Study shows adverse pregnancy outcomes increase risk of maternal cardiovascular disease in the postpartum period

A pregnant person consulting with a doctorThe United States has the highest rates of maternal mortality in the developed world. Changing women’s cardiovascular health prioritizes the focus of physicians and researchers on pregnancy, maternal health and cardiovascular disease at The Ohio State University College of Medicine.

A recent study by Kartik Venkatesh, MD, PhD, assistant professor of Obstetrics and Gynecology at the Ohio State College of Medicine and Director of the Diabetes in Pregnancy Program at The Ohio State University Wexner Medical Center, and his team showed that individuals who experienced adverse pregnancy outcomes (APOs) in their first birth were more likely to have a higher predicted risk of atherosclerotic cardiovascular disease (CVD) over the following three decades, when measured two to seven years after delivery. Atherosclerotic CVD is a condition where the arteries become narrowed and hardened due to buildup of plaque in the artery wall and can cause heart attack or stroke. The results were just published in the journal Obstetrics & Gynecology.

“There was a dose-response relationship between the number of adverse pregnancy outcomes and the degree of atherosclerotic CVD risk,” Dr. Venkatesh says. “Continued risk assessment and engagement in preventive care after an adverse pregnancy outcome remain important opportunities to reduce atherosclerotic CVD risk and improve maternal health in the postpartum period.”

APOs include gestational diabetes mellitus, hypertensive disorders of pregnancy including preeclampsia, preterm birth and abnormal birth weight, including both small and large-for-gestational-age. Since they occur in individuals of reproductive age who are in early-to-mid-adulthood, the aim is to ensure primary and secondary preventive strategies aimed at cardiometabolic risk factors, such as obesity, substance use, hypertension, diabetes, and lifestyle factors, that can alter the trajectory of CVD risk.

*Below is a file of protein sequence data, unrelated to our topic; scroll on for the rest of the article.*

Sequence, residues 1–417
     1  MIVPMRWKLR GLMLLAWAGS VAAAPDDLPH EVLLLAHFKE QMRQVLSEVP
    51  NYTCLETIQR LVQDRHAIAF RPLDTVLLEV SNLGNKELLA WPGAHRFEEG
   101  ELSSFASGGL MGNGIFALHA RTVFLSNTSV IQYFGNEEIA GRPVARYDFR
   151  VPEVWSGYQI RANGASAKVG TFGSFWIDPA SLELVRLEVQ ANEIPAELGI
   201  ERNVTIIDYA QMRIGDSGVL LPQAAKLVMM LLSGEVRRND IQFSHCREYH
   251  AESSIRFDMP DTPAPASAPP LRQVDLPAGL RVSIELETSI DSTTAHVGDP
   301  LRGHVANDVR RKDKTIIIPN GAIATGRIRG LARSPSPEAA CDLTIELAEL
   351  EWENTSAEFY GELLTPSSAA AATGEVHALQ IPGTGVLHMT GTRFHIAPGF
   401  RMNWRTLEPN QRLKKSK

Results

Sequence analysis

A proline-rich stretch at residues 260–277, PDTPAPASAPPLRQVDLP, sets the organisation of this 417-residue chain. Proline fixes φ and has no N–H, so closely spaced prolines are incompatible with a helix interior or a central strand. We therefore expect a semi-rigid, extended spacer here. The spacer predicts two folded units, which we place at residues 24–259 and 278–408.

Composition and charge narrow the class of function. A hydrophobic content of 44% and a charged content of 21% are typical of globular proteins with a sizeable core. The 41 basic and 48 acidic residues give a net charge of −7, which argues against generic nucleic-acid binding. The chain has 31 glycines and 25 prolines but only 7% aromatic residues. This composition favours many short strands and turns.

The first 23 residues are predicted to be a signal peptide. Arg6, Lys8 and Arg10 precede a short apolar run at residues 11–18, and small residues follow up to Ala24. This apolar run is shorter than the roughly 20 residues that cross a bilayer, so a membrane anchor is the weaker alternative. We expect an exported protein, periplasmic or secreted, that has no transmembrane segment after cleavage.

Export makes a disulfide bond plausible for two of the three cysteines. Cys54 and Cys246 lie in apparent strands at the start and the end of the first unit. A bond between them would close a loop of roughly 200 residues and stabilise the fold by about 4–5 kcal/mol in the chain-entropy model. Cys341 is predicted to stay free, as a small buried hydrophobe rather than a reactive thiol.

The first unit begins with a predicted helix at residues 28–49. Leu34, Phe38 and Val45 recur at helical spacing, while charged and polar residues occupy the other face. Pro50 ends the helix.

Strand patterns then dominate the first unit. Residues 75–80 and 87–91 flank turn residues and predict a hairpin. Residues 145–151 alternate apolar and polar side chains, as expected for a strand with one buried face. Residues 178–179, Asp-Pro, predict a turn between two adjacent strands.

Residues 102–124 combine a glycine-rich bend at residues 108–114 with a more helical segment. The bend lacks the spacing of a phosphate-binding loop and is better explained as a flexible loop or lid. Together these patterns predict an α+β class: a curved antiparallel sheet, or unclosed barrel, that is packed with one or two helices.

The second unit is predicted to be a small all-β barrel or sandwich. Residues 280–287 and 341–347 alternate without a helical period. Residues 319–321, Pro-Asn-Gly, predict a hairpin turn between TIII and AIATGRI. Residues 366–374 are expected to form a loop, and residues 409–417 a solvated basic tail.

Laxmi Mehta, MD, clinical professor of Internal Medicine at the Ohio State College of Medicine and cardiologist at The Ohio State University Wexner Medical Center, says this research drives home the fact that a lot of women are unaware that having any of these issues during pregnancy puts them at a higher risk of developing heart disease in the future. She believes making maternal health a priority in programming, education, research and policy development starts with making sure patients know their important heart health numbers — blood pressure, glucose and cholesterol numbers — before, during and after pregnancy.

Dr. Mehta served as chair of a committee at the American Heart Association that drafted a recent scientific statement on cardiovascular disease in pregnancy for childbearing-aged women in the U.S. Her work across interdisciplinary team centers comprehensive cardiovascular health because being pregnant can put a lot of stress on the body, especially the heart.

The new research contributes to a greater understanding of how adverse pregnancy outcomes are an important contributor to cardiovascular disease in women later in life and emphasizes the importance of pregnancy health for women’s heart health.

“The link between adverse pregnancy outcomes and CVD should be a core knowledge area for all cardiovascular, primary care and obstetrics and gynecology providers,” Dr. Venkatesh says. “Providers and patients working together after an adverse pregnancy outcome can help identify ways to improve heart health decades before the onset of disease.”

This work emphasizes recent efforts underway to highlight the need to address women’s cardiovascular health across the lifespan, including the recently launched White House Initiative on Women’s Health Research. This initiative aims to change how women’s health research is approached and funded and launch new discoveries and innovations on women’s health.